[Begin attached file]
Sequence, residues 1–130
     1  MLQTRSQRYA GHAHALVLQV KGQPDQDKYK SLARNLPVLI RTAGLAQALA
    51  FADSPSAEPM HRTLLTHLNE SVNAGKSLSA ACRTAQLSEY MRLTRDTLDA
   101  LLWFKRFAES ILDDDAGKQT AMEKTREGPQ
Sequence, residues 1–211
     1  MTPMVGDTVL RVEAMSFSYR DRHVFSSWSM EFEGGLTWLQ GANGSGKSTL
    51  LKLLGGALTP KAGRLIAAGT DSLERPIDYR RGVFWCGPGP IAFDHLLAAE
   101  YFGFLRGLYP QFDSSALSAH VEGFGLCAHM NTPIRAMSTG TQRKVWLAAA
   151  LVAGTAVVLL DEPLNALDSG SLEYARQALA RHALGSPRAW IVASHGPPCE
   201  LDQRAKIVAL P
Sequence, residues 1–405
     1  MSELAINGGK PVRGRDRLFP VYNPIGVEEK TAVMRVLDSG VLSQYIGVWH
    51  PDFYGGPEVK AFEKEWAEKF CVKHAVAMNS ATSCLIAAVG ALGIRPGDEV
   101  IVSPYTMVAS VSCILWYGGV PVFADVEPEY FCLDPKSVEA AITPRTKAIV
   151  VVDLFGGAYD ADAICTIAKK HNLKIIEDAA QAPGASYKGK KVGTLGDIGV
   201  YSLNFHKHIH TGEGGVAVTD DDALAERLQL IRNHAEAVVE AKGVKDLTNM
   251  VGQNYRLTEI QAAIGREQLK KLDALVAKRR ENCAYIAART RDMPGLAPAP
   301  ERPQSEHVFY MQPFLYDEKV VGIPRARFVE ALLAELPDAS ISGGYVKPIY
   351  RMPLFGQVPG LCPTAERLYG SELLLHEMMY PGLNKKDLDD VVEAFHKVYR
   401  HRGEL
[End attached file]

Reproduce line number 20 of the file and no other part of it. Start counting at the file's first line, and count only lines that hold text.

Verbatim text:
   401  HRGEL